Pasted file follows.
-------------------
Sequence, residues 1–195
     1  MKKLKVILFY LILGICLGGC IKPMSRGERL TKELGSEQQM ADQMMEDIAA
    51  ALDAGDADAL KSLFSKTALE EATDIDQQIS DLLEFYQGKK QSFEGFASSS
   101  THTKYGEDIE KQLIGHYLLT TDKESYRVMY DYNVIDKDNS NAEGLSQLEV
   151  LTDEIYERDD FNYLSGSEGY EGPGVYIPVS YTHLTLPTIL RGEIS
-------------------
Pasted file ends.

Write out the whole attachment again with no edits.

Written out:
Sequence, residues 1–195
     1  MKKLKVILFY LILGICLGGC IKPMSRGERL TKELGSEQQM ADQMMEDIAA
    51  ALDAGDADAL KSLFSKTALE EATDIDQQIS DLLEFYQGKK QSFEGFASSS
   101  THTKYGEDIE KQLIGHYLLT TDKESYRVMY DYNVIDKDNS NAEGLSQLEV
   151  LTDEIYERDD FNYLSGSEGY EGPGVYIPVS YTHLTLPTIL RGEIS